“The Good News We Need”
All Saints’ Day (Observed), November 4, 2018
Good News We Need
Text: Matthew 5:1–12
Today, we observe All Saints Day. All Saints’ Day can be a confusing experience in the church. The term “saint” has different meanings to different people. Sometimes people think a saint is someone who does a lot of charity work. Sometimes people think a saint is someone who has a jerk for a spouse and they put up with it. Sometimes people think a saint is a well-behaved child. And sometimes people think a saint is some famous person from church history who is now in heaven. This is not “Special Dead Christians Day” as some may think. Today is ALL Saints’ Day. So, what, who, is a saint? As Lutherans, we know that, in the most important sense, all people who are baptized and confess that Jesus is Lord are holy in God’s sight; all of us Christians are “saints.”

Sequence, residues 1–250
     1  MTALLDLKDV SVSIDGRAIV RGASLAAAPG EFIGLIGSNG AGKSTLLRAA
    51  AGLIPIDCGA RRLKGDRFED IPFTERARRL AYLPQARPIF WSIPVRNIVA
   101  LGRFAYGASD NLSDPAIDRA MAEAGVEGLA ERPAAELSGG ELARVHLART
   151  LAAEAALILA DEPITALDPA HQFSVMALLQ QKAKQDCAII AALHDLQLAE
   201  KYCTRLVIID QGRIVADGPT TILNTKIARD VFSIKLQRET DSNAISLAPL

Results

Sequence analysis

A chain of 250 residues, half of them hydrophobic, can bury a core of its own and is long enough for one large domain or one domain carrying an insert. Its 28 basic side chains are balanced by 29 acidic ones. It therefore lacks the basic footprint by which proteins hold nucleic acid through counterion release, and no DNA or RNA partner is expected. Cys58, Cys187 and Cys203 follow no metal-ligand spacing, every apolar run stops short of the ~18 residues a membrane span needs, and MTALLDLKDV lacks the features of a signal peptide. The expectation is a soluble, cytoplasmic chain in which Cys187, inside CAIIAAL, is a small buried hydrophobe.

The Gospel reading for this service is always the Beatitudes from Jesus’ Sermon on the Mount. “Blessed are…” Sometimes, there’s confusion about what it means to be “blessed.” Sometimes we think the rich, the famous are the ones who are blessed, who have billion dollar mansions and drive Bugatti Chirons. Sometimes we think that those who are good at sports are blessed. Sometimes we think those who’re so good looking are blessed.
Jesus offers us some amazing teaching today. To be sure, the Beatitudes, Mt 5:1–12, do not answer all of the questions that we might have about the saints, and eternity, and our place in it. But Jesus does have some very, very good news for us on All Saints’ Day, and for every day that we live as God’s saints, God’s people. It’s good news that many people will reject. But on this All Saints’ Day, Jesus gives us the Good News We Need to Hear.
What is that Good News? That Jesus died and rose for us. Never forget that you and I need to hear the Good News! We need to be in God’s Word. We talked about that last week, yes? It is the Bible that tells us that Jesus is God’s Son, He died and rose for us, He is our Savior, and His work won for us faith, forgiveness, and eternal life. There is confusion about that out there. People saying Jesus is a bunch of other things other than what it says in here. Jesus did not come to be our helper, or our life coach, or our cheerleader.